AMM: Do you feel more partial to the representative sides or abstract sides of your artwork, or is this an impossible favoritism?

DL: Like I said before, abstraction is my default mode – I favor abstract painting. But again painting’s a living thing that I choose not to entirely control. At times a painting may exert itself to become something other than what I originally intended and I go with it.

AMM: What inspires your current color palette, do you think living in Los Angeles has influenced this through the years?

DL: Living in Los Angeles has had a huge effect on how I look at color. I think that LA is an incredibly diverse place and it doesn’t have the kind of history that you see in places like NY or cities in Europe or even San Francisco. There’s all this activity coming at you, architecturally and from nature, and it has a huge influence on how I use color. I think color is one of the hardest elements of painting. It’s the most complex. The amount of ways that you can put paint down seem to be infinite which makes it’s really complicated and challenging. It’s almost like math. I may never completely figure it out… but there you go.

AMM: There seems to be a harmony between geometric shapes and organic ones within your painting practice, can you tell us more about that balance?

DL: To me the world is that, geometric and organic and particularly living in LA, it seems like nature is always encroaching on architecture. It’s always been interesting to me to put together forms that don’t necessarily want to be together and try to make them live in the same space. The difficulty comes when you can get a kind of disharmony. That’s the challenging part. But when you make all these disparate forms work together you get a incredibly interesting combination of stuff.

The breadth of materials you are using varies from piece to piece, how important is it for you to move between different mediums while you are working and how do you make these decisions?

Light, shape, color, geometry, organic materials – they can create all sorts of interesting things happening in paintings. Over the years I‘ve used fiberglass, resin, oil paint, acrylic paint, Persian rugs, encaustic, velvet, Styrofoam, fabric, you name it. It’s all painting to me. A material can act like paint or it can act like different things but to me, the materials are just other elements that can be manipulated to make an interesting painting.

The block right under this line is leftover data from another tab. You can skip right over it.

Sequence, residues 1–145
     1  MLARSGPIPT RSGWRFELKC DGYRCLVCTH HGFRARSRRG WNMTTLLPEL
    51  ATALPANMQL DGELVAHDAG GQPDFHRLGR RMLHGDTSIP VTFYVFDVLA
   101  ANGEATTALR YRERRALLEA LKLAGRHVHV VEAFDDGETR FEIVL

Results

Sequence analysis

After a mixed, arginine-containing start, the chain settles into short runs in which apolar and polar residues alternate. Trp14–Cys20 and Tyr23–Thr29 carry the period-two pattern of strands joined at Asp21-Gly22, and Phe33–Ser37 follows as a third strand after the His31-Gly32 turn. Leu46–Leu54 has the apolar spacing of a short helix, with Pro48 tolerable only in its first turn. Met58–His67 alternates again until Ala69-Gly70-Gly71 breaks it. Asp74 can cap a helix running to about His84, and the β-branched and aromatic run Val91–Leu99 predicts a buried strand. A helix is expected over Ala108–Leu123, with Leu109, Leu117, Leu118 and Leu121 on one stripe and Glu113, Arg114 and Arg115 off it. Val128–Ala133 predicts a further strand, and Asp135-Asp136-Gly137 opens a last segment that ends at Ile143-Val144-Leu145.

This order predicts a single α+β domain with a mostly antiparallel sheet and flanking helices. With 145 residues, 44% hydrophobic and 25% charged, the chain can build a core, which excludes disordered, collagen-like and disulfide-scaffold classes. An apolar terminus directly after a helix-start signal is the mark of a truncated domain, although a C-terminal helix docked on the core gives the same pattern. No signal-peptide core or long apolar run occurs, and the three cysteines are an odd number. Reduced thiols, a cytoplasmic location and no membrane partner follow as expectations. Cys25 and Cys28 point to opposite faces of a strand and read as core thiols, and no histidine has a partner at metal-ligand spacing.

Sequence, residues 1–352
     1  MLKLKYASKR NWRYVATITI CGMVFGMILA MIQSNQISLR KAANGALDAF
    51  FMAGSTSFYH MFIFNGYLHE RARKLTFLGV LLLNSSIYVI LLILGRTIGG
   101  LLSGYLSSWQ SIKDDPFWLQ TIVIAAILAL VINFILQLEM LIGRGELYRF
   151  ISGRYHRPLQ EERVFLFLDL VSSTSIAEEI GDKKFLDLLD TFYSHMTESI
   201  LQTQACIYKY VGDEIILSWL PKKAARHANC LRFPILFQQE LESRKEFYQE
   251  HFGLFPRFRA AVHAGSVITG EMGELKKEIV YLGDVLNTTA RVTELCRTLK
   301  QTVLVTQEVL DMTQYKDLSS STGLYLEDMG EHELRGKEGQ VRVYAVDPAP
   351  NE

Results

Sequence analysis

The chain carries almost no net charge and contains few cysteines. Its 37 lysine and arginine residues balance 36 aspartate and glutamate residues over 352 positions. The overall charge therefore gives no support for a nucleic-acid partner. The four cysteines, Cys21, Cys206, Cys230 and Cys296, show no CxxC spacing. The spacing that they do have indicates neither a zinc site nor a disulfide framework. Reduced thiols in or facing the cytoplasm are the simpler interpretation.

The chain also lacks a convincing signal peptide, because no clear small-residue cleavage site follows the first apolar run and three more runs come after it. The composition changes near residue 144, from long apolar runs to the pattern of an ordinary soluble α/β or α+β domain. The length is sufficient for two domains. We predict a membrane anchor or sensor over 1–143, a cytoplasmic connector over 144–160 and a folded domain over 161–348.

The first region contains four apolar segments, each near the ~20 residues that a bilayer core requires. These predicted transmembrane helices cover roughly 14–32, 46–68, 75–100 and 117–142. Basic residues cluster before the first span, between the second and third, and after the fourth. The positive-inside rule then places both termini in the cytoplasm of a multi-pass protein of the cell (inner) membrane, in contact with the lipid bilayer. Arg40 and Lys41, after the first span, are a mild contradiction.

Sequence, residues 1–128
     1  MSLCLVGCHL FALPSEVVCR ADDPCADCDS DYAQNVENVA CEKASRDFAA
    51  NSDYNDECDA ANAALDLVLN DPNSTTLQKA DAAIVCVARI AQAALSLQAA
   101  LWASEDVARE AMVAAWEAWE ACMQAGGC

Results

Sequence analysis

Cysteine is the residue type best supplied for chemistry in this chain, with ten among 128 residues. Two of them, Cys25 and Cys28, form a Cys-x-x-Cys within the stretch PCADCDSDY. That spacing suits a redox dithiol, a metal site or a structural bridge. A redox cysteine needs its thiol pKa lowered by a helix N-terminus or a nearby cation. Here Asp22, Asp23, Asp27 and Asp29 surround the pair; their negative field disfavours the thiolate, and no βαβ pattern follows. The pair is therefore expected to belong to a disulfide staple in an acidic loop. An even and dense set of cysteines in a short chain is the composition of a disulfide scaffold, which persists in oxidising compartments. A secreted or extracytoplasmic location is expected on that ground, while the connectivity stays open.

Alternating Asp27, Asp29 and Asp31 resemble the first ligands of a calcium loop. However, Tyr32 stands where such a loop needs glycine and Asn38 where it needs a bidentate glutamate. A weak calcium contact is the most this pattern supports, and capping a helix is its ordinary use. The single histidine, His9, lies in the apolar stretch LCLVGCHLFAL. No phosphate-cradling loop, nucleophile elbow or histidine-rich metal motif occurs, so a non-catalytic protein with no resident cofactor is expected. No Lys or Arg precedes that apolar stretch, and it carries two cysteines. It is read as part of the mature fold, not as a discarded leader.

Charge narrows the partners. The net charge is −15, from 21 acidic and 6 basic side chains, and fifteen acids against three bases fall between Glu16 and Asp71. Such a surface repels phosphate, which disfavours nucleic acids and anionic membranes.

AMM: How important is silliness vs. seriousness when you approach a new work?

DL: A friend of mine who’s a writer said that if you’re not willing to embarrass yourself, you’ll never really make great art. So that’s my answer.

AMM: What happens if one of your paintings goes too “serious” or “silly”, is there any avenue for recovery?

DL: I’m not sure if I’m the one to decide what’s too serious or silly. The painter Carroll Dunham has been making paintings for the last few years that are absolutely fabulous and absolutely ridiculous at the same time.  So that a tough question – sometimes great art is ridiculous and silly, who’s to say.

AMM: How important is Los Angeles for you in terms of the art scene, vs elsewhere like NY, London, Berlin etc… ?

DL: I’ve always liked the LA art scene. I was born in LA and spent much of my life in Los Angeles and went to school here. But in the last five years the LA art scene is just absolutely blown up. I think NY will probably always be the epicenter. I can’t speak to someplace like Berlin because I haven’t been there. But I can say that LA is an absolutely amazing place to be an artist. I can barely keep up what’s going on here so it’s more than enough for any artist. Plus the weather is pretty great so I’ve got nothing to complain about.

Find out more about David’s work:

Text written and interview conducted by Megan St.Clair for ArtMaze Mag.